With anti-Asian violence on the rise in America, Hideki Matsuyama displayed class and dignity while making golf history
Going through the list of Masters winners, there are a lot of American flags. It wasn’t until 1961, 27 years after the first Masters (then called the Augusta National Invitational Tournament) that a non-American won the tournament for the first time – Gary Player from South Africa. The player won the tournament three times between 1961 and 1978, and Seve Ballesteros of Spain won in 1980, representing the second non-American to win. As the game continued to globalize more and more, we saw winners popping up from other European countries in the 1980s, including Scotland, England, Wales and Germany. This Masters Tournament, however, was quite different.
The “tradition like no other” was given a facelift yesterday with the victory of Hideki Matsuyama, who became not only the first Japanese golfer to win the Masters (or any major championship, for that matter), but the first golfer of any Asian country will do this.
It was a long, slow climb to the top of the American Golf Mountain for Japanese golf. Isao Aoki was tied for the lead with Jack Nicklaus after 54 holes at the 1980 US Open. Tommy Nakajima was third at the 1988 PGA, a decade after scoring a disastrous 13 on the 13th hole at Augusta. Masahiro Kuramoto finished T-4 at the British Open of 1982. Shigeki Maruyama had three career top-10s in the majors, his best performance being a T-4 at the US Open 2004. And Ryo Ishikawa was T-2 after 36 holes at the 2010 US Open at the age of 19. But none reached the top by winning a major.
Enter Hideki Matsuyama, a 29-year-old player who was able to play at Augusta National ten years ago at the Masters 2011, where he was the least successful amateur. A decade later, he jumped in round three with a scorching 65, shooting six under par over the last eight holes. Heading into Sunday’s final round, Matsuyama held a four-stroke lead, chased by Justin Rose, Xander Shauffele, Marc Leishman and Will Zalatoris.
He never let go of this lead. Matsuyama’s stoic poise throughout the day, despite a potential disaster on the 15th, led him to a one-stroke victory after tapping for bogey on the 18th. As the ball fell into the hole, he there was no demonstration cry. No throwing clubs, or jumping, or falling to his knees and crying – Matsuyama won his way of playing, confident and calm. He picked up the ball, put it in his back pocket, flipped his hat over and smiled.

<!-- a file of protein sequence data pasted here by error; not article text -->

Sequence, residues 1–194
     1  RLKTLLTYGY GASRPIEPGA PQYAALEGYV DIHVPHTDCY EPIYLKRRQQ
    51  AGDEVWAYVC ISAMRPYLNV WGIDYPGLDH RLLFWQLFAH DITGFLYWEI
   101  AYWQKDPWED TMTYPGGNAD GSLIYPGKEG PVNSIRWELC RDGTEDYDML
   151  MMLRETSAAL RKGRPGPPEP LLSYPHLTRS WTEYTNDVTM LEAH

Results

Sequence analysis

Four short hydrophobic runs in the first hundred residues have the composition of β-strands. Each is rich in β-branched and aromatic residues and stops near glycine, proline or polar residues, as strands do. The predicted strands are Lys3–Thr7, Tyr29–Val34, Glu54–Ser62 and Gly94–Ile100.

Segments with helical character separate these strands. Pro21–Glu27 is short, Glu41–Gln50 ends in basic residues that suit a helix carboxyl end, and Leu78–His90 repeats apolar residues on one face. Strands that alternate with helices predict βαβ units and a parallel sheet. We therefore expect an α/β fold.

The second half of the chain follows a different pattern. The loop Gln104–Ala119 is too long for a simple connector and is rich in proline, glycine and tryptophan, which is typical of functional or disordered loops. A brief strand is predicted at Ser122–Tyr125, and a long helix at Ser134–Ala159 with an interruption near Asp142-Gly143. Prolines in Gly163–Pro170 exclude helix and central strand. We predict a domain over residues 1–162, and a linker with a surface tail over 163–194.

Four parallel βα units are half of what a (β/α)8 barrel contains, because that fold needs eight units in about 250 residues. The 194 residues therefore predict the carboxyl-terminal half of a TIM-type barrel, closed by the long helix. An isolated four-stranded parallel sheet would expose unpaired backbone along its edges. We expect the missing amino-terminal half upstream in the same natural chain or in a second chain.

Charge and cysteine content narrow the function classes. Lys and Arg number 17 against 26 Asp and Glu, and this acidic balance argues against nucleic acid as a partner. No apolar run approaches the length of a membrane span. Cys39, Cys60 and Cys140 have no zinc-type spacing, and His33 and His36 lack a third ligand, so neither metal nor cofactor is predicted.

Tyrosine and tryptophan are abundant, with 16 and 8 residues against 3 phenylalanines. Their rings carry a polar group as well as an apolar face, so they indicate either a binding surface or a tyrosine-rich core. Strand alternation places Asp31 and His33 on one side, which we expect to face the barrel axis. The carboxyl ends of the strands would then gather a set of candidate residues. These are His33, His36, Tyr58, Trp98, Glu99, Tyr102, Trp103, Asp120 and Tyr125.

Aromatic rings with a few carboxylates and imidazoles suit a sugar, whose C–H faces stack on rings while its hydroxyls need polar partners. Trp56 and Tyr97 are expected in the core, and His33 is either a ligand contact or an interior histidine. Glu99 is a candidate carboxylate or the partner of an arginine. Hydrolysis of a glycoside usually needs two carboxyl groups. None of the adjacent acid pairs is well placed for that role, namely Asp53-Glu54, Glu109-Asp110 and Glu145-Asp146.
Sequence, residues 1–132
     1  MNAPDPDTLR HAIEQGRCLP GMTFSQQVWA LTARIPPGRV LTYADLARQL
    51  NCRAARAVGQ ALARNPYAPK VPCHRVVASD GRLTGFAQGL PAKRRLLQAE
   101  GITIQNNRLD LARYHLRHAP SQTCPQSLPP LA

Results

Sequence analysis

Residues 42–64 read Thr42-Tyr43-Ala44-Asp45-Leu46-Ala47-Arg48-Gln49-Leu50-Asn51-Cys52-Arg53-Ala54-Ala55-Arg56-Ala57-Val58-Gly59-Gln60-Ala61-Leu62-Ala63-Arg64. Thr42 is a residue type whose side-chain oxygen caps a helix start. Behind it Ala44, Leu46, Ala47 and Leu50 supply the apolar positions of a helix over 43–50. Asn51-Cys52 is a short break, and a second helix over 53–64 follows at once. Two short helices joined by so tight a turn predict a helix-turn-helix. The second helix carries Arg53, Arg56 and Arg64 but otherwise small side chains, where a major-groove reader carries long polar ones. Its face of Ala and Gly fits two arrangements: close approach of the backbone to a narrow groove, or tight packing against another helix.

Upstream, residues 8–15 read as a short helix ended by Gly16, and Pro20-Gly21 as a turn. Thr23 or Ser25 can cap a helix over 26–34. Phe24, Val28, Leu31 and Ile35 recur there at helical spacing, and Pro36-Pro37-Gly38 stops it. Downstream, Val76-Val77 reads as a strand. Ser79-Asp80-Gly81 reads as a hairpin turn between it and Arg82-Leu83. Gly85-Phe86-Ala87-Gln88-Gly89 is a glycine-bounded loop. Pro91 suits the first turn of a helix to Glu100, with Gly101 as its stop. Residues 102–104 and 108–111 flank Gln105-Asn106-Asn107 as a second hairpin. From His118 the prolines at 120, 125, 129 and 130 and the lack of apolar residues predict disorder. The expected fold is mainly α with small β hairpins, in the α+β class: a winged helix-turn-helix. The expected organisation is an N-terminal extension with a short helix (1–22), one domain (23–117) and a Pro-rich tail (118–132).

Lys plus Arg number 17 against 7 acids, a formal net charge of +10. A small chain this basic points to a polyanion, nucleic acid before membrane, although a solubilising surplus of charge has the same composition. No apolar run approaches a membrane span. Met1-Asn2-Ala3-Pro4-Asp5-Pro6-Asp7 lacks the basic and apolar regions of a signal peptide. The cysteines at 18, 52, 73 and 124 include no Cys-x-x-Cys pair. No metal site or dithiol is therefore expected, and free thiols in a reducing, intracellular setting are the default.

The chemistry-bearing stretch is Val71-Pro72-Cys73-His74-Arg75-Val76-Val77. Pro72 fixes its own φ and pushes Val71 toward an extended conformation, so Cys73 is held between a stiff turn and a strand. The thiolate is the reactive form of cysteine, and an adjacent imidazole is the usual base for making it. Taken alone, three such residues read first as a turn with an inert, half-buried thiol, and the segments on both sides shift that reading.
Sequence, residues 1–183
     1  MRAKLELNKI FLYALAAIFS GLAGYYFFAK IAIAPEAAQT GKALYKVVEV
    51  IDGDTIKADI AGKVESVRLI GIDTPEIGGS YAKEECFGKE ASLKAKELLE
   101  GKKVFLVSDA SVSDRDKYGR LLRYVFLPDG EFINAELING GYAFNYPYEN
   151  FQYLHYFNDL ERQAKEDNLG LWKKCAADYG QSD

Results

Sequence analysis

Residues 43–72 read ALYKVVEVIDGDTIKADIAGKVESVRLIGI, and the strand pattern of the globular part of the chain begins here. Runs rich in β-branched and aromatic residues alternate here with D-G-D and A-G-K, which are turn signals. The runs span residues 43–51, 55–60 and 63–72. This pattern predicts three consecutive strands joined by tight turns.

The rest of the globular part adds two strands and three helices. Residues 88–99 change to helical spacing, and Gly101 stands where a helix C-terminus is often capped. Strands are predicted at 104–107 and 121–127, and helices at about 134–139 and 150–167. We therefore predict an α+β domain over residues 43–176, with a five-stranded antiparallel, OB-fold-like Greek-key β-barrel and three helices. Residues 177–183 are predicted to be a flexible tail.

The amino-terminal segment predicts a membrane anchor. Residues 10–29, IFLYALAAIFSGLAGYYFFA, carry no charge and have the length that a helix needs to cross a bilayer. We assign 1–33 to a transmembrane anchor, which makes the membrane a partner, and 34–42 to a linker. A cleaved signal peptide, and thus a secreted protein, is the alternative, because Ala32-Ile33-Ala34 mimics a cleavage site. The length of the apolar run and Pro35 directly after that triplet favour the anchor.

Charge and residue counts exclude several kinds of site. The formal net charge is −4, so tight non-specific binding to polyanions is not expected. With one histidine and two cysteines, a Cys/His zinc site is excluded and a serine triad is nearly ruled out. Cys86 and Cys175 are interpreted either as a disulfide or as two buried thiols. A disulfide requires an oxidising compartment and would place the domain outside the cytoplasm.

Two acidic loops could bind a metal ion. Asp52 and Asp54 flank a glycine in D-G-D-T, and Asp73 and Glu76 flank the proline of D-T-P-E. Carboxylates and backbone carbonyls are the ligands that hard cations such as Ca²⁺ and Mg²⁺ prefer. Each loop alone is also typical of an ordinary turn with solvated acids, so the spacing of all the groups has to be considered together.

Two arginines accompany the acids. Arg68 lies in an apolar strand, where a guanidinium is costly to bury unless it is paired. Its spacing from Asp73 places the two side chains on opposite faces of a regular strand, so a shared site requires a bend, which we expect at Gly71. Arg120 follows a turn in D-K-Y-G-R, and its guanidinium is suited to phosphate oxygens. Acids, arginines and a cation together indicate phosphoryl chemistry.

“When the final putt came in I wasn’t really thinking about anything,” Matsuyama said through a performer after his Masters win. “And then it started to sink – the joy of being a Masters champion. I can’t imagine what it’s going to be, but what a pleasure and what an honor it will be for me to bring the green jacket back to Japan. “
And back in Japan, he will take it back. The coveted green jacket, tailored and awarded to the winner of the Masters each year, which can remain in the possession of the winner until the next Masters, was with Matsuyama on his flight after his victory. As he waited for his commercial flight out of Atlanta this morning, casually dressed in sneakers and a t-shirt, peering through his phone, the green jacket sat next to him, draped over an airport seat.
At a time when racially-motivated violence against Asians and Asian Americans is on the rise, a golfer from the land of the rising sun, speaking through an interpreter, brings home the largest The golfing success of the world on American soil is a triumph of far more importance than mere sport. It is a triumph for his country, for diversity, for acceptance and for the next generation of international golfers.
“So far we haven’t had a major champion in Japan, maybe a lot of young golfers thought it was an impossibility,” he said. “I hope this shows that it is possible and if they think about it, they can do it too.”